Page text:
Geek Review: Gran Turismo

As a species, we have an unhealthy obsession with cars, from the way they look, feel, drive, turn, and there are those willing to spend time, effort and money to upkeep a vehicle, while others obsess over cars they can never afford, or viewing global races. Some indulge by playing racing games, while there are those who put on a racing movie to focus their attention. And rarely has there been anything that ties the passion for cars all together quite like Gran Turismo.

And we’re talking about the movie here, the latest in a video game adaptation that is as unique as the racing game that it is based on, and the real life events surrounding Jann Mardenborough, a young Gran Turismo player who went on to become a professional race car driver. Director Neill Blomkamp (District 9, Elysium) takes the premise, and turns Gran Turismo into a love note to all things cars, from the young Mardenborough (Archie Madekwe, See) who has played the PlayStation game more times than he can count, and wants to take his time, effort and knowledge of the race simulator, and become an actual race car driver.

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Of course, his father, former pro-footballer Steve (Djimon Hounsou, The King’s Man, Shazam!) would prefer his younger son to leave the confines of his room and find a proper job, instead of wistfully thinking that somewhere, somehow, it would be remotely possible that a master of a simulator could possibly translate that virtual knowledge into a real world skill.

What he doesn’t know is that Nissan executive Danny Moore (Orlando Bloom) has successfully convinced the Japanese car maker to fund an academy that takes competitive players from the Gran Turismo video game, and offer them an opportunity to become real race car drivers, in which only the champion of this GT Academy would have a shot at a professional career. All he needs is an engineer to lead the pit crew who will train, test and push the candidates from the couch into the driver’s seat, and lead them towards pole position.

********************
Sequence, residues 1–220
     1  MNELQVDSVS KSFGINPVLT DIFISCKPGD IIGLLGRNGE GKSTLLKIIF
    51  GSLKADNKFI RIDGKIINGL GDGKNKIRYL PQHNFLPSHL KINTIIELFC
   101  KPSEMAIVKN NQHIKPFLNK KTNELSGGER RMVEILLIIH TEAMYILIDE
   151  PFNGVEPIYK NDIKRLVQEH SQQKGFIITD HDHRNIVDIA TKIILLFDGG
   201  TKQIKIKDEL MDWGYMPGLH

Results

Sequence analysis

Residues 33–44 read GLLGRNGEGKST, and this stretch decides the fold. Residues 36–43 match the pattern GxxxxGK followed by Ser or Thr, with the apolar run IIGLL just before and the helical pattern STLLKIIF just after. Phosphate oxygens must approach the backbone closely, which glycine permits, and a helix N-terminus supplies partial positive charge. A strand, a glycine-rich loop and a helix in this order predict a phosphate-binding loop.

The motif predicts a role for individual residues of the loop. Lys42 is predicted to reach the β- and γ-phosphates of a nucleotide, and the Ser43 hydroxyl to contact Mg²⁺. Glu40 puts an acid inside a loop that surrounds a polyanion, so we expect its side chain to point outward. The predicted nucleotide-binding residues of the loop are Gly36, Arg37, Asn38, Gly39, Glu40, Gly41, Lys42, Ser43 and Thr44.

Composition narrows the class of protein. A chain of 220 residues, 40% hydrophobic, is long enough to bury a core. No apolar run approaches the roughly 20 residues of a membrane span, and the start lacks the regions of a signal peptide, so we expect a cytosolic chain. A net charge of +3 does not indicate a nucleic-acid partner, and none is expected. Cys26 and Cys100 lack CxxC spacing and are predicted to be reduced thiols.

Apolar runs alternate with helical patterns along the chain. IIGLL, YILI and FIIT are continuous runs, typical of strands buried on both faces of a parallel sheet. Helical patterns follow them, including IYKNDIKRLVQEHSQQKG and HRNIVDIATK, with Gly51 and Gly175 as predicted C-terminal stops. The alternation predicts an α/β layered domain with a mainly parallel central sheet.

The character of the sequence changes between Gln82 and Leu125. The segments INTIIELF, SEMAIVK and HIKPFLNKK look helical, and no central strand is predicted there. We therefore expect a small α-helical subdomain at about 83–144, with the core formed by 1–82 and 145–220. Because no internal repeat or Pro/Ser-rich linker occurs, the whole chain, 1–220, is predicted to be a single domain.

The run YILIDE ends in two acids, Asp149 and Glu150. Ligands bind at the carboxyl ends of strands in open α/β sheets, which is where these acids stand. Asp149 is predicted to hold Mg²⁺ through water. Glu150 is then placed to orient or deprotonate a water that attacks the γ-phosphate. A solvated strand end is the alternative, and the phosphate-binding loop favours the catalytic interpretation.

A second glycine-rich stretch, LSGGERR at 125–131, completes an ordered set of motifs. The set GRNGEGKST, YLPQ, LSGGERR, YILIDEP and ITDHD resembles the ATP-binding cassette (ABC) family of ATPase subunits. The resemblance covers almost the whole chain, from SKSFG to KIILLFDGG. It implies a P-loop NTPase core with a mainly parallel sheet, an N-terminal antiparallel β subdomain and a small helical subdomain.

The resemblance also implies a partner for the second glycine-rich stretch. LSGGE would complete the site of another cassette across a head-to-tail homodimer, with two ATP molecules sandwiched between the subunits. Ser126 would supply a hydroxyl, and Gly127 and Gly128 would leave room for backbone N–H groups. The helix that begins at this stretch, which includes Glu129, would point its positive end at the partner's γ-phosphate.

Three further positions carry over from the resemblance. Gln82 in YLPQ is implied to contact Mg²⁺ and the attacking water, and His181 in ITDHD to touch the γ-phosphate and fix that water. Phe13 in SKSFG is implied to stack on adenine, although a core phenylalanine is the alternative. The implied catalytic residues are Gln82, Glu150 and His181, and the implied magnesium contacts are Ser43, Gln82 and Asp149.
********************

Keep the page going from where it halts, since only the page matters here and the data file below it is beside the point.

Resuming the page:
If the premise sounds too fantastical, that’s because it probably is, and Blomkamp realises that this is not just an adaptation of yet another video game, but one that, while popular, isn’t as widely known as the Marios, Sonics or Halos out there. Instead, his tale is as much about the video game that inspired Mardenborough, as it is about the young player’s journey, and also about conveying the thrills, excitement and challenges of the race track, much like Ford v Ferrari (2019) did to become one of the most successful racing movies ever made.

In establishing Mardenborough’s skills, the movie goes deep into what the game actually is –  a faithful, digital recreation of life behind the racing wheel for those who love cars. For those who have not played the game, the Gran Turismo series emulates the look, performance and handling of a wide selection of real-world license vehicles, allowing players to tune their virtual vehicles based on actual physics and performance, and take them for a spin around faithful reproductions of famous race tracks around the world. Heck, even the sound of the engines in the game are based on recordings made with the actual vehicles, and having this knowledge of the game is what gives Mardenborough an edge over everyone else.